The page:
Why will Coventry be the UK's City of Culture? And how can you appreciate its offerings now?

Simon Calder

Until 7.27pm the smart money was on Paisley or Swansea to succeed Hull as UK City of Culture in 2021. The title had gone to Derry in 2013, so surely it must be the turn of Scotland or Wales next?

Alongside Stoke and Sunderland, Coventry was considered an outsider. So when the choice was announced live on the BBC’s One Show, the people of the West Midlands city looked as surprised as anyone. But its rich human heritage at the heart of England won over the judges.

The citizens have three years, three weeks and three days to prepare for the start of their year in the cultural sun. Yet between now and New Year’s Day 2021, there is plenty to entertain the visitor.

Touch down

Coventry is well connected to the rest of the nation. Trains from London Euston take under an hour to cover the 90 miles, and there are direct rail links from Reading, Oxford, Manchester and Edinburgh. The city’s airport never prospered, but Birmingham airport is only 10 minutes by train.

Get your bearings

Coventry had a terrible 20th century. It was catastrophically redefined twice: first by the Luftwaffe, whose brutal bombing on the night of 14 November 1940 obliterated the medieval core of the city; and, when the fighting stopped, the planners took over. Coventry city centre largely comprises ungainly 1960s blocks, encircled by an ugly ring-road. The car, which may well have been made in Coventry, was king. But the brutal edges have been tempered over the decades, and the city is rediscovering its human dimension.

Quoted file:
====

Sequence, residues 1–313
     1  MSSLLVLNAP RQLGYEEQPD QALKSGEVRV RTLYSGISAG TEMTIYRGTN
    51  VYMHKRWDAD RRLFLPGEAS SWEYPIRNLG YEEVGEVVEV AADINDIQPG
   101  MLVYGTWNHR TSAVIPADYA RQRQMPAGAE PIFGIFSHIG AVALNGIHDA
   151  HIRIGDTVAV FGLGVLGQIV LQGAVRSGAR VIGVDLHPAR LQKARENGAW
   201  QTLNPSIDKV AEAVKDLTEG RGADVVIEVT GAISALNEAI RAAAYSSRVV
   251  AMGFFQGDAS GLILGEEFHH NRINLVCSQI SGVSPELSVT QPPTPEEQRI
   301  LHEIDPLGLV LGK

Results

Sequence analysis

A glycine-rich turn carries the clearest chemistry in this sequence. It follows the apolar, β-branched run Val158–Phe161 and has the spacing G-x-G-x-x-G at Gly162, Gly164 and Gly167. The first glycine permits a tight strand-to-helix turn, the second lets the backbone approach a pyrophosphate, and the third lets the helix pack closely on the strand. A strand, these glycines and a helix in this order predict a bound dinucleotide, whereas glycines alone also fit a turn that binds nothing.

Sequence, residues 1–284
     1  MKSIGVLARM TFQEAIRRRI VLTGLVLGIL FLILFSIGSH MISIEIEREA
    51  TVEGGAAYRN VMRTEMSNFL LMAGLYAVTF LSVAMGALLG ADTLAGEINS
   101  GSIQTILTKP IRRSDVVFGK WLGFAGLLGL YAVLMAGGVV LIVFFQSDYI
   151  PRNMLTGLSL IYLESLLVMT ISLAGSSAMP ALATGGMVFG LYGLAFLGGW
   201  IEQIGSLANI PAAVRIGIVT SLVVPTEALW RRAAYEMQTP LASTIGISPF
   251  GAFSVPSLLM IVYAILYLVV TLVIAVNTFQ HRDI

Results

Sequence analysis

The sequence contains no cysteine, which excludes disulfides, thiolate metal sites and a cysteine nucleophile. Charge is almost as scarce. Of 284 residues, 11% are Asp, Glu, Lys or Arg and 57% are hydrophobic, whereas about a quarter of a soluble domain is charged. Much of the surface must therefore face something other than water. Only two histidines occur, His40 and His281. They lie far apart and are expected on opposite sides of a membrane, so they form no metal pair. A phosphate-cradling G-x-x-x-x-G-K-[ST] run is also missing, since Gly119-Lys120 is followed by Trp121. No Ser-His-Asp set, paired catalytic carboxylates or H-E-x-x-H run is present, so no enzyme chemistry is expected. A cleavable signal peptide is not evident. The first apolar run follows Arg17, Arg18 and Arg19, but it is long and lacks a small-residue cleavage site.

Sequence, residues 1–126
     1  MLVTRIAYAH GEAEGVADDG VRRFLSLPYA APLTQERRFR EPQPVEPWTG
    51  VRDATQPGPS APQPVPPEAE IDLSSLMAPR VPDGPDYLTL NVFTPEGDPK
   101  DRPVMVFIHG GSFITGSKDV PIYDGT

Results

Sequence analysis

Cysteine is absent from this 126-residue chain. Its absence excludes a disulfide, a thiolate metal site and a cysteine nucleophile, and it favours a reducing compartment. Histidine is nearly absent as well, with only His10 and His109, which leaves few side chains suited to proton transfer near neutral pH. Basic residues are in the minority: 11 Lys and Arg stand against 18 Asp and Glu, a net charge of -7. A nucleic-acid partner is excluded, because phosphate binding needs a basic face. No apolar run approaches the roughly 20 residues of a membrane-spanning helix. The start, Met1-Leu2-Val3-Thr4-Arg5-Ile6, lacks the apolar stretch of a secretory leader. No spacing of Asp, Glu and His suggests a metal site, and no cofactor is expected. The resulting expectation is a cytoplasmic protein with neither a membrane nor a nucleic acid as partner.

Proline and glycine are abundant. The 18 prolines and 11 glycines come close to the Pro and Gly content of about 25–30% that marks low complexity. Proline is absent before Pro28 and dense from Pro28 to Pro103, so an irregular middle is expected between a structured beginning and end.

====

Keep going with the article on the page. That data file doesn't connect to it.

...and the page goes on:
A statue of Lady Godiva, the 11th century Countess of Mercia who is said to have rode naked through the city, marks the approximate centre of Coventry.

Check in

The centre of Coventry remains untroubled by trendy boutique hotels. The most interesting place to stay nearby is the Coombe Abbey Hotel, east of the centre.

Go to church

The one exception to the post-war utilitarian ugliness imposed on the heart of Coventry was the cathedral. Most of the medieval Cathedral of St Michael's was wrecked in the Second World War, but in 1956 the Queen laid the foundation stone for the Modernist structure that stands alongside the ruins. In 2015 it was rated the third best UK landmark in a joint project by The Independent and British Airways’ inflight magazine, High Life, beaten only by the Eden Project and the Angel of the North — and ahead of the London Eye and Edinburgh Castle.

Take a ride

The Coventry Transport Museum boasts “The world's largest collection of British road transport”, in a collection that ranges from Penny Farthings to Thrust SSC and Thrust 2, the fastest cars on earth, and includes Field Marshal Montgomery’s Humber Super Snipe.

Cultural afternoon

The Herbert Art Gallery & Museum includes finds from the Lunt Roman fort and the Benedictine Priory, and tells the story of conflict: the Second World War home front in Coventry, with an Anderson shelter, ration books and utility furniture, together with a Peace and Reconciliation gallery.

South-west of the city centre, Warwick University has a thriving Arts Centre, though a three-year refurbishment project began this autumn for refresh the Seventies structure.